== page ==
# Heating Effect of Current: More Hard sums (Advanced level sums)

Sep 7, 2023

## Introduction

In the realm of physics, the Heating Effect of Electric Current is a fundamental concept that finds its application in various aspects of our daily lives, from household appliances to industrial machinery.

To truly understand this phenomenon, one must be well-versed in both basic and advanced principles of electromagnetism and electrical circuits.

In this comprehensive discussion, we will present ten challenging problems related to the Heating Effect of Electric Current, each at the level of the Advanced level sums, along with detailed solutions.

## Joule’s Law

Before we delve into the problems, let’s revisit Joule’s Law, which forms the basis for understanding the Heating Effect of Electric Current.

Joule’s Law states that the heat (H) produced in a conductor is directly proportional to the square of the current (I) passing through it, the resistance (R) of the conductor, and the time (t) for which the current flows. Mathematically, this law is expressed as:

H = I^2 * R * t

Where:

• H is the heat produced (in joules).
• I is the current (in amperes).
• R is the resistance of the conductor (in ohms).
• t is the time for which the current flows (in seconds).

## Challenging Problems

### Problem 1

Question: A copper wire with a resistance of 10 ohms is connected to a 24-volt battery. Calculate the heat produced when a current of 2 amperes flows through it for 5 minutes.

Solution:

Given:

• Resistance (R) = 10 ohms
• Voltage (V) = 24 volts
• Current (I) = 2 amperes
• Time (t) = 5 minutes = 300 seconds

Using Joule’s Law: H = I^2 * R * t

H = (2)^2 * 10 * 300 H = 4 * 10 * 300 H = 12,000 joules

So, the heat produced is 12,000 joules.

### Problem 2

Question: An aluminum wire with a resistance of 8 ohms is connected to a 36-volt battery. Determine the power dissipated as heat in the wire.

Solution:

Given:

• Resistance (R) = 8 ohms
• Voltage (V) = 36 volts

Using Ohm’s Law to find current (I): I = V / R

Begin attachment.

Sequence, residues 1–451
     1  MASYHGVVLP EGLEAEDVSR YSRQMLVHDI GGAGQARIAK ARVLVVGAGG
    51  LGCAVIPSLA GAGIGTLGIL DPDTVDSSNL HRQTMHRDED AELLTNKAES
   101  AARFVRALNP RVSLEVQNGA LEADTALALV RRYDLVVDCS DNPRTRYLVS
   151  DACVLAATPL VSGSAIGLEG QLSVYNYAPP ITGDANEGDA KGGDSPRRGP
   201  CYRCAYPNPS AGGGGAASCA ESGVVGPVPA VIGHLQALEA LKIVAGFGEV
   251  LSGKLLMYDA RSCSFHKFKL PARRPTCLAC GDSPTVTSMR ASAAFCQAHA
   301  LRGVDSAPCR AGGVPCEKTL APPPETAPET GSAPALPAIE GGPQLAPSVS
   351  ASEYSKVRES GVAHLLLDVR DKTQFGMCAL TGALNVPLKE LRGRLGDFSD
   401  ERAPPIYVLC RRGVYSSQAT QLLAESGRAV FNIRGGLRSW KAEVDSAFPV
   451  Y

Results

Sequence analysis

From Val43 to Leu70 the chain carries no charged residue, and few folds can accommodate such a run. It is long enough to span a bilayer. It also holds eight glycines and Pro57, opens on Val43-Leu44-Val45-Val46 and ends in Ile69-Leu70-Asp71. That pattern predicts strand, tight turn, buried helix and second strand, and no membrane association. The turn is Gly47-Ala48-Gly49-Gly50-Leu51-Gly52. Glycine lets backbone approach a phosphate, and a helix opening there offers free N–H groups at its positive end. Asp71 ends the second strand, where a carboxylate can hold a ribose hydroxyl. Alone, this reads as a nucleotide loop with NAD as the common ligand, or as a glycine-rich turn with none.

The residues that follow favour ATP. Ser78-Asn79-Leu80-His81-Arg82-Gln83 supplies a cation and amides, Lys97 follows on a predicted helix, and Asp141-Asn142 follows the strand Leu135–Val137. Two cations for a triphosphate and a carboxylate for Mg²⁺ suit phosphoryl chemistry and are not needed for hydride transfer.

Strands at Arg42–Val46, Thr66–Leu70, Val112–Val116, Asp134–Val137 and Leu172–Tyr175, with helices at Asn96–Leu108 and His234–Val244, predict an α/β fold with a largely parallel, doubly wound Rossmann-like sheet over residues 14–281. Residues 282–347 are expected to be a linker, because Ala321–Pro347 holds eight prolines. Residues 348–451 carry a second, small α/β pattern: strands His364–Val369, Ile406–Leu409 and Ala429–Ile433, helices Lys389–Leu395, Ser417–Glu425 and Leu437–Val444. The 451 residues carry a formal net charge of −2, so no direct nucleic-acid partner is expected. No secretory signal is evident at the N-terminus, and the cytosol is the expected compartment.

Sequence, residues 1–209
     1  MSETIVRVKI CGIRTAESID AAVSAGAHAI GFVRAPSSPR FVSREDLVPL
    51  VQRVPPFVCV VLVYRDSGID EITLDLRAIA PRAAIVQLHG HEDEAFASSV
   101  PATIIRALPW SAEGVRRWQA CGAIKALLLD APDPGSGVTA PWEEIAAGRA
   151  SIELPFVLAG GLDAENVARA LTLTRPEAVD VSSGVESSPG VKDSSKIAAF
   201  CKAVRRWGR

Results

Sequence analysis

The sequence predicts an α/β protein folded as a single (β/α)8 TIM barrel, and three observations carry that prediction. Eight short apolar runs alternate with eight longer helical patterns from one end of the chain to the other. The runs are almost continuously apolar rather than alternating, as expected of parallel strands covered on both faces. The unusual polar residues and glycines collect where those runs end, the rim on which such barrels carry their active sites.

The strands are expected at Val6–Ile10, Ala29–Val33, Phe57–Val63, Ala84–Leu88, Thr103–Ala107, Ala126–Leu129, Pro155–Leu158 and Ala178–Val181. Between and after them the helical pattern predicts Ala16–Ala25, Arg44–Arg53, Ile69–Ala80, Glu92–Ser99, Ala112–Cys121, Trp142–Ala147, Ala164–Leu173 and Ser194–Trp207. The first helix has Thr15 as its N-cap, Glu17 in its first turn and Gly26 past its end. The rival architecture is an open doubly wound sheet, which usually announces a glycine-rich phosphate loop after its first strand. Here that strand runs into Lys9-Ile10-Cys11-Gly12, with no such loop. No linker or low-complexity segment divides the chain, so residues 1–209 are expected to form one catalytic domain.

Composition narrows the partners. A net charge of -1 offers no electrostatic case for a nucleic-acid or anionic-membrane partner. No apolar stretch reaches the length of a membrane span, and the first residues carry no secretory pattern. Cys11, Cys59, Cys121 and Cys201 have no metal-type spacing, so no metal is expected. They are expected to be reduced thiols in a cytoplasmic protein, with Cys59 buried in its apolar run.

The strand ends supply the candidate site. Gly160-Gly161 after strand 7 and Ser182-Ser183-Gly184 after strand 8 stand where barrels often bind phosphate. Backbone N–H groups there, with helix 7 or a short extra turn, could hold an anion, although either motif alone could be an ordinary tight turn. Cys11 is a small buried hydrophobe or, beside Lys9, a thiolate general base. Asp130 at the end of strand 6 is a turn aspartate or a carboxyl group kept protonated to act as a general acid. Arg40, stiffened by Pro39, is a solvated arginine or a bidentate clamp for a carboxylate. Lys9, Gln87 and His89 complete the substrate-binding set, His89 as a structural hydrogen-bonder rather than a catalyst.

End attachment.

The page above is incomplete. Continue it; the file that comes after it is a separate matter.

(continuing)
I = 36 / 8 I = 4.5 amperes

Using the formula for power (P): P = I^2 * R

P = (4.5)^2 * 8 P = 20.25 * 8 P = 162 watts

So, the power dissipated as heat in the wire is 162 watts.

### Problem 3

Question: A high-resistance wire with a resistance of 100 ohms is connected to a 12-volt battery. Calculate the current passing through the wire.

Solution:

Given:

• Resistance (R) = 100 ohms
• Voltage (V) = 12 volts

Using Ohm’s Law to find current (I): I = V / R

I = 12 / 100 I = 0.12 amperes

So, the current passing through the wire is 0.12 amperes.

### Problem 4

Question: A 15-ohm resistor is connected to a 9-volt battery. Determine the heat produced in 10 minutes.

Solution:

Given:

• Resistance (R) = 15 ohms
• Voltage (V) = 9 volts
• Time (t) = 10 minutes = 600 seconds

Using Joule’s Law: H = I^2 * R * t

Using Ohm’s Law to find current (I): I = V / R

I = 9 / 15 I = 0.6 amperes

H = (0.6)^2 * 15 * 600 H = 0.36 * 15 * 600 H = 3,240 joules

So, the heat produced is 3,240 joules.

### Problem 5

Question: A tungsten filament lamp has a power rating of 60 watts. Calculate the heat produced by the lamp in 2 hours of operation.

Solution:

Given:

• Power (P) = 60 watts
• Time (t) = 2 hours = 7200 seconds

Using the formula for heat produced (H): H = P * t

H = 60 * 7200 H = 432,000 joules

So, the heat produced by the lamp is 432,000 joules.

### Problem 6

Question: A superconducting wire with zero resistance is connected to a 50-volt battery. Calculate the current passing through the wire.